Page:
You don't normally think of art when talking NASCAR.
Unless you're referring to the art of driving, maybe — really, really fast driving in tight groups around a track, where a hair's movement can mean life or death. But for Hopewell's Sam Bass, the two always have gone hand in hand.
Bass, 51, is the first officially licensed NASCAR artist, having received the designation in 1997. He studied art at Virginia Commonwealth University, graduating with a painting and printmaking degree in 1984. But his lifelong passion started at Southside Speedway at age 7, when his uncles took him to meet driver Bobby Allison.
"I came home and immediately started drawing race cars and drivers, and really knew from that night what I wanted to pursue," Bass says from his gallery in Charlotte, N.C., across from the speedway. "It's been a 44-year journey to this point."
Bass designed the Federated Auto Parts trophy for the most recent race at Richmond International Raceway, the site of a controversial finish that made national news.
"To have any actions on track lead to questions about the integrity of the sport and or the morals and ethics of the teams and drivers is just something NASCAR doesn't need," he says. "I applaud NASCAR for their quick and immediate response. ... They had a lot of things to consider and [I] feel they did their best given the circumstances. There were still lots of upset people and hurt feelings, unfortunately."
Bass lost half his leg to diabetes five years ago, but it hasn't slowed him down one bit. Style Weekly spoke with him about his unusual career.
What was your big break with NASCAR?
One of my big breaks came at Richmond fairgrounds raceway — then track president Paul Sawyer allowed me to hang a display of my artwork in 1981. It got noticed by the media ... [and] that's when I started doing commissioned paintings.
Do you have a favorite job?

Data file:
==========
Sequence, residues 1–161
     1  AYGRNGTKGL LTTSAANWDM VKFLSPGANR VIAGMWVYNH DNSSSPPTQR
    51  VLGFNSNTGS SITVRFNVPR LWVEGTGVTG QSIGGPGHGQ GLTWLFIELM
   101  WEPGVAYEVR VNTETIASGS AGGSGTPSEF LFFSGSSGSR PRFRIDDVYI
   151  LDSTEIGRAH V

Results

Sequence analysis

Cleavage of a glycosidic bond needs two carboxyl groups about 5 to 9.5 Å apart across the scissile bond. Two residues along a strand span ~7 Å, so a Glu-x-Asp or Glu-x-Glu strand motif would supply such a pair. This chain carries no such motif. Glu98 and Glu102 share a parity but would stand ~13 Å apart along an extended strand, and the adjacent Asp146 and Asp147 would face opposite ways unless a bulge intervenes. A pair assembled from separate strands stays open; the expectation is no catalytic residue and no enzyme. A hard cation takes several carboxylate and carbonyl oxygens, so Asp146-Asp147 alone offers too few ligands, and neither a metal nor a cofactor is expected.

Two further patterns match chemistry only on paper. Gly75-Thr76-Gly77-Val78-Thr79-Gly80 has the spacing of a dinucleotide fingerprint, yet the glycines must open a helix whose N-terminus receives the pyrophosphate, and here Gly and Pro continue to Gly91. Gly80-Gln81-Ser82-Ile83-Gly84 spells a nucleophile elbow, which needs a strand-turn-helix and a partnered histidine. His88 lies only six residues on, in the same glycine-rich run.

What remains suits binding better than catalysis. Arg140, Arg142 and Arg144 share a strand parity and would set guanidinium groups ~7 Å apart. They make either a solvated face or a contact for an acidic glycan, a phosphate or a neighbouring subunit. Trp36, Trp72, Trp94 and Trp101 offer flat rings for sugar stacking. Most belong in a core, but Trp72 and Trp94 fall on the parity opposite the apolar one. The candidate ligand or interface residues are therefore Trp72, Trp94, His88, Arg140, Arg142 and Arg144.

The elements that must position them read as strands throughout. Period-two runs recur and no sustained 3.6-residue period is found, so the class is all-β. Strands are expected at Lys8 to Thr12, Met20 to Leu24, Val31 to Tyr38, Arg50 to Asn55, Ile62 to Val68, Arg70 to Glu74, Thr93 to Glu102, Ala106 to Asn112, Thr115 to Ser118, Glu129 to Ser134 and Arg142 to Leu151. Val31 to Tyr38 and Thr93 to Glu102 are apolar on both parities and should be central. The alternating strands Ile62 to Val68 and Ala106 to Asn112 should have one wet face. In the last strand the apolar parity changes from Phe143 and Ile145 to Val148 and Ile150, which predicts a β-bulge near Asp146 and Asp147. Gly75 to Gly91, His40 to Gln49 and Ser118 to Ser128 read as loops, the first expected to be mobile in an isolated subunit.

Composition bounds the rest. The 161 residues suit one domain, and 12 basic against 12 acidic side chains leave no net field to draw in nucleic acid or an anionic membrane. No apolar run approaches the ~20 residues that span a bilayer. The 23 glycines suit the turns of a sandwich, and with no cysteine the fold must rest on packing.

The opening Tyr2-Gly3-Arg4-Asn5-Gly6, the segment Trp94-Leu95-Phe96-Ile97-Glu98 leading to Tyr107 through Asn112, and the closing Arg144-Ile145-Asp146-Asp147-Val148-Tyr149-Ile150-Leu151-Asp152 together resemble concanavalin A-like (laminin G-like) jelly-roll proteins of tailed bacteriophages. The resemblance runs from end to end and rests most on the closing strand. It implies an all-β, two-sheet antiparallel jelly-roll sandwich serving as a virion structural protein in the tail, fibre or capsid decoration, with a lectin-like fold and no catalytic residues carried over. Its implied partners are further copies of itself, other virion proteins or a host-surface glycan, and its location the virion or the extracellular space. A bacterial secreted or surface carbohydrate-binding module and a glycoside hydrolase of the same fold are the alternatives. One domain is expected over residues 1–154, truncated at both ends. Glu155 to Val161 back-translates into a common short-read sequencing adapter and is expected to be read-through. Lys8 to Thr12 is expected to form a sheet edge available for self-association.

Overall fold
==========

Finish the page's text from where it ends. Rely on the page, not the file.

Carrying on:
I enjoy all aspects — original paintings used as posters, prints and program covers. But I also design a lot of the race cars. Over the years I've designed for the Allisons, the Pettys, Jeff Gordon, the DuPont and Exalta cars. Generally the sponsors send me the logos, I submit four or five layouts, then I'll get their feedback and make minor adjustments. Then we either paint or full-vinyl wrap the car. The car designs are more complex, you've got to keep a lot more people happy. If you come to my gallery in Charlotte, I've got sheet metal of all the designs hanging on the walls by the paintings and guitars I've done.
What's the prettiest car you've ever done?
[Laughs] Things are memorable for different reasons. But the rainbow car for Jeff Gordon that I did at the end of '92, that paint scheme was run for nine years and became really iconic in the sport. I was very proud of that one, and am still proud to create for him to this day. I did a special paint scheme for Dale Earnhardt and Wheaties, they put that design on millions of boxes of Wheaties. ... I've done custom guitar designs for Brad Paisley, Keith Urban, Rascal Flatts, Lenny Kravitz, Sheryl Crow, Blake Shelton, Foreigner, Peter Frampton. Second only to NASCAR is my love of music. If I ever don't show up for work at NASCAR one day, you'll find me out on the road playing guitar for somebody [laughs].
How did your teachers at VCU respond to you drawing racecars?
Not all of my professors were supportive of my NASCAR dream [laughs]. But one professor in my lithography class encouraged me to follow my passion. All of them had my best interests at heart, though, they thought I should do stick and ball sports to vary my portfolio to work in all genres. But I was hard-headed. ... Overall it was a great education.
Do you have an official Sam Bass sponsor?
[Laughs] No, unfortunately I don't. I work with a bunch. But maybe I need to look into that. S